[SMARTPHONES] Beware of fake Apple charger cables! They might infect your computer with Trojans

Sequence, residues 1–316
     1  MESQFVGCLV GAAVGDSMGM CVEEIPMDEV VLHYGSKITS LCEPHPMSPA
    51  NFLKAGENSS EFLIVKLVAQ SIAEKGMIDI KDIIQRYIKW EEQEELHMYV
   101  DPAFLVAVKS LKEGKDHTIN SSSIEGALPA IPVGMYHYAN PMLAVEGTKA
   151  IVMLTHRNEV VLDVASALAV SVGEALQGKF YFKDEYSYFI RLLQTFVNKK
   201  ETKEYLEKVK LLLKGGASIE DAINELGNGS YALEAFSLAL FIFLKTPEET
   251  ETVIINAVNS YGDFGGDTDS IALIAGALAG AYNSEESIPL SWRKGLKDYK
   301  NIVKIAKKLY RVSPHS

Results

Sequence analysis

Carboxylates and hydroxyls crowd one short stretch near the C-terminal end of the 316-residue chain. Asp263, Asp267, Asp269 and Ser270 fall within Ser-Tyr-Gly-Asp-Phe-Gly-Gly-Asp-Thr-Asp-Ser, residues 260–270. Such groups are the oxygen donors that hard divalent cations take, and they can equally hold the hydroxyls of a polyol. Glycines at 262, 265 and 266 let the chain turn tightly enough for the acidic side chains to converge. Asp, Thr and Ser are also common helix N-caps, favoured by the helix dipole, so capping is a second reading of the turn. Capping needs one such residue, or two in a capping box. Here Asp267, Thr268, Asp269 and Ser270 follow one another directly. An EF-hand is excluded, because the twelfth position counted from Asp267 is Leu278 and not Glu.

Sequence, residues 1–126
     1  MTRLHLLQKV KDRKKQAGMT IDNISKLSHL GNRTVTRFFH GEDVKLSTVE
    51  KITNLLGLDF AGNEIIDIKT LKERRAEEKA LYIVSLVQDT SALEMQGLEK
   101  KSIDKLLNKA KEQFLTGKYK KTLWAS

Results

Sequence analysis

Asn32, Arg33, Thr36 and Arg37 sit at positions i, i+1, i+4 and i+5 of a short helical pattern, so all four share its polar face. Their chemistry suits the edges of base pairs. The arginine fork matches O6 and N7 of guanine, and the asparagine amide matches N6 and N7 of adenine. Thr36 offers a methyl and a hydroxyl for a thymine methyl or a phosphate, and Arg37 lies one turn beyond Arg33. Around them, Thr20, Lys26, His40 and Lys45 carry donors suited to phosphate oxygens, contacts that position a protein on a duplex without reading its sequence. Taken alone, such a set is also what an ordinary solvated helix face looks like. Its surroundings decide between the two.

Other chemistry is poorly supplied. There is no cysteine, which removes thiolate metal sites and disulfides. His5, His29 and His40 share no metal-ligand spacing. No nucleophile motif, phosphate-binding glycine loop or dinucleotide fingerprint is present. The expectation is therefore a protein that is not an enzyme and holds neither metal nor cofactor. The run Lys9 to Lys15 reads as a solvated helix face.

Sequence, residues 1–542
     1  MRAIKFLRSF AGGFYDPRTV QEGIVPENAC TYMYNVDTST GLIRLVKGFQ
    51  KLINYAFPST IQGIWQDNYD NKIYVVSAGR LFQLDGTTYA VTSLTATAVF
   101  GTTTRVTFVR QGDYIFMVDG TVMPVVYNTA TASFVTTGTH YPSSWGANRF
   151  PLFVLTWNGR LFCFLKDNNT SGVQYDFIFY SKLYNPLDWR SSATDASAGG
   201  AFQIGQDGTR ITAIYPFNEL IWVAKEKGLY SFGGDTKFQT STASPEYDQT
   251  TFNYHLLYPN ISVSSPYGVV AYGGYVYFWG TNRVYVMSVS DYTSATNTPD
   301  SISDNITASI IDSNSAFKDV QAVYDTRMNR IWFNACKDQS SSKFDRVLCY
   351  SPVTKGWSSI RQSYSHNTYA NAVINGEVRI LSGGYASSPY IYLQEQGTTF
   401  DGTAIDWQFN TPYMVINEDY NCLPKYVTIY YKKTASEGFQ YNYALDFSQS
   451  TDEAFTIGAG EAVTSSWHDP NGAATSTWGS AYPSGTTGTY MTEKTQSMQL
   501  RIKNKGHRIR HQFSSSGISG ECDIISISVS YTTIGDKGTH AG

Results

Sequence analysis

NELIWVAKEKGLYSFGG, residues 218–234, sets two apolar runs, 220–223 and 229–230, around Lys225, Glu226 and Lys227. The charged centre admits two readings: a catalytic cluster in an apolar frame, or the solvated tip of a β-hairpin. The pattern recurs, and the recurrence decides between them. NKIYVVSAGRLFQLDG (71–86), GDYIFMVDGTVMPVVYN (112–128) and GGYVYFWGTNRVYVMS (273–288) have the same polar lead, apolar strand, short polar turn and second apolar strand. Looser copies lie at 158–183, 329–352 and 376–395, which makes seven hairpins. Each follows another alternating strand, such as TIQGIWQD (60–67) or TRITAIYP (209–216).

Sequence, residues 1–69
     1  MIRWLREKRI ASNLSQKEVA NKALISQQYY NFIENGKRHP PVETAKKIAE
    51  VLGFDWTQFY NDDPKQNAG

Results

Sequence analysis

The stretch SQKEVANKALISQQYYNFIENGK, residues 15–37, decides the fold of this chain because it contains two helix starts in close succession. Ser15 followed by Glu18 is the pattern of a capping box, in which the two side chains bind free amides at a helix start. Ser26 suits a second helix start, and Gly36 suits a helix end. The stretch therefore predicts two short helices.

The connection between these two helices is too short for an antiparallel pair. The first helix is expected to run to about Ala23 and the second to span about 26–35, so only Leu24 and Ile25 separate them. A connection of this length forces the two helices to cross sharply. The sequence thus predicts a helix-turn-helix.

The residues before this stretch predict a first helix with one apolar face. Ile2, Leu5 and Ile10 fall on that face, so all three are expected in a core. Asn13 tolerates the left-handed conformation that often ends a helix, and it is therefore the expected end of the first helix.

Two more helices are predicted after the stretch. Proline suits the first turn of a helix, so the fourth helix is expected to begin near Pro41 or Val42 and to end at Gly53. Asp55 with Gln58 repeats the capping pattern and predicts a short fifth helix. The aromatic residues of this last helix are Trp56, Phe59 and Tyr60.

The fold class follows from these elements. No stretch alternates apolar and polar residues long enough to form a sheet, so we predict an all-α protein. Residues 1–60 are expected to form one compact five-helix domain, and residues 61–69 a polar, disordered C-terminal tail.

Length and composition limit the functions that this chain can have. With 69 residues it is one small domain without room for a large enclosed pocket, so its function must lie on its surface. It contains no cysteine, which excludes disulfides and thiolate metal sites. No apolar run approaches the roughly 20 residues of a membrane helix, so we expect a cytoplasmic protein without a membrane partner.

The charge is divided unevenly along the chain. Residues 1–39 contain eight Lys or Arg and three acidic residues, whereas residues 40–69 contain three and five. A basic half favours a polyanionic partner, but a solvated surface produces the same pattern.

Mike Grover, a security researcher, has modified an Apple cable to include a module that can hack into a Mac or PC. Integrated into the USB socket, which normally recharges and transfers all data, this device also allows remote control of the computer connected to the object.  From the outside, this device called “O.M.G Cable” is physically indistinguishable from an original Apple Lightning cable. It is only by disassembling the USB plug that one could eventually realize that it includes a very small printed circuit board for malicious use. It therefore allows a motivated attacker to connect remotely from this cable, and to send “HID” commands (for “Human Interface Device”) to simulate the action of a keyboard or mouse. And take control of the computer to which it is attached. This gives him the ability to search the files as he wishes, or to execute specific commands remotely. The hacker even created an iOS mobile application to send these commands. Obviously, this control only works if the computer is unlocked. However, the cable makes it relatively easy to prevent automatic locking after a certain period of time. If the target leaves its workstation, it is then enough to artificially simulate some mouse movements. In the medium term, Mike Grover said he wanted to produce a limited series of these false cables, and to sell them to interested parties. This has become a reality, since this fake charging cable will now be marketed on a very large scale. It should cost about $100 a piece. Because the cable looks exactly like a real Apple one, the only way to not be fooled ultimately falls on common sense: it is very logical to use only products certified by the firm rather than alternative low-cost products whose security is very uncertain… It is also an opportunity to remind us that connecting a suspicious USB key to your computer, a cable found opportunely in the street or using a makeshift loan to help yourself is never a good idea in these times of hyper connectivity… The devil is always hiding in the details, he waits for you at the bend of each synchronization connection, which also makes him potentially very dangerous.